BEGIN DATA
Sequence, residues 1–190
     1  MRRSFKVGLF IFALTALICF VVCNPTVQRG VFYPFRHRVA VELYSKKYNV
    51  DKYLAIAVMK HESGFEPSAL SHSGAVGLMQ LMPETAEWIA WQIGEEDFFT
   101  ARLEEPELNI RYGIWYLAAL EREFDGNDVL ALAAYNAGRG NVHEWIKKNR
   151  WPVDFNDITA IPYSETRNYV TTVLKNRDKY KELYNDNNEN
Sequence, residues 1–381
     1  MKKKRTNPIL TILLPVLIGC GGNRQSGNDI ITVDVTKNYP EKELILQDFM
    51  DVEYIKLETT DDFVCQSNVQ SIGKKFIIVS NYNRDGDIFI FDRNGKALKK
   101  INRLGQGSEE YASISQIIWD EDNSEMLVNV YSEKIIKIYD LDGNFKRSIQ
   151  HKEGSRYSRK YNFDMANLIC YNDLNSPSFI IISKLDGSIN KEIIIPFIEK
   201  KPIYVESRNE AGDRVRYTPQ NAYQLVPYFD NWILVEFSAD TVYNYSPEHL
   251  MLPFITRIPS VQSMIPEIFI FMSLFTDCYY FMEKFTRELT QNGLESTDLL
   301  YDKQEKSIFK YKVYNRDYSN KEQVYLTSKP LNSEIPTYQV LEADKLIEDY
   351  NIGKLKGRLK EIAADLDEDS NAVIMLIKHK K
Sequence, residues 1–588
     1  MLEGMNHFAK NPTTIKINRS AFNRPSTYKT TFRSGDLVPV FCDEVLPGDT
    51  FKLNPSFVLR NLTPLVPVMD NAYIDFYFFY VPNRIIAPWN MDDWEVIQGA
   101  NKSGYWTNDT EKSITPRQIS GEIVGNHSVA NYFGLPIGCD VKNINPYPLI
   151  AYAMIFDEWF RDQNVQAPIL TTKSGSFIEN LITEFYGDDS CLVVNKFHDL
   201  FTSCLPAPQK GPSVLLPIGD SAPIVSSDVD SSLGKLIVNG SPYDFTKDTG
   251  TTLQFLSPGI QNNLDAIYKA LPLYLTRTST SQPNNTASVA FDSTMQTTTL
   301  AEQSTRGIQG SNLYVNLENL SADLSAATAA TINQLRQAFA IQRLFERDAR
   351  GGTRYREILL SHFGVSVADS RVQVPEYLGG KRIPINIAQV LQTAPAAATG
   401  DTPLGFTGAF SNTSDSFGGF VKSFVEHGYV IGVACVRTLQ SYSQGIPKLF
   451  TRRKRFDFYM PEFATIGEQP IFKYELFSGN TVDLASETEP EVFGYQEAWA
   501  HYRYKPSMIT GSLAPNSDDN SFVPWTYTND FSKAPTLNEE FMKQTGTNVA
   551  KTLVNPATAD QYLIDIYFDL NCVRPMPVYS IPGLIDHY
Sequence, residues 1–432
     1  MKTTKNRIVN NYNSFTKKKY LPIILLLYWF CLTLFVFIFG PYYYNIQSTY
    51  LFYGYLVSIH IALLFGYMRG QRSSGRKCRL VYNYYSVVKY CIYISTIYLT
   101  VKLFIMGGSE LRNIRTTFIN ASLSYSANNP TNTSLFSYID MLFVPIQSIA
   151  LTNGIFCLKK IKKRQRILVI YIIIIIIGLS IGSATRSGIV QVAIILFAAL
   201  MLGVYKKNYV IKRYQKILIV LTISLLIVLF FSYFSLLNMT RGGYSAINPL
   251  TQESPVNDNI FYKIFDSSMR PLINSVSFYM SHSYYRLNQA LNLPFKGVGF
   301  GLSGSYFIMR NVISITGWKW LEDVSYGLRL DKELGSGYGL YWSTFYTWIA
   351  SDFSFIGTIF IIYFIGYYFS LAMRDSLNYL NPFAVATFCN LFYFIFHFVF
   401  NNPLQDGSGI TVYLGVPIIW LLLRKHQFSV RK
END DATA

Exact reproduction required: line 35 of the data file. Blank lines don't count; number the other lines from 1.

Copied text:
   301  GLSGSYFIMR NVISITGWKW LEDVSYGLRL DKELGSGYGL YWSTFYTWIA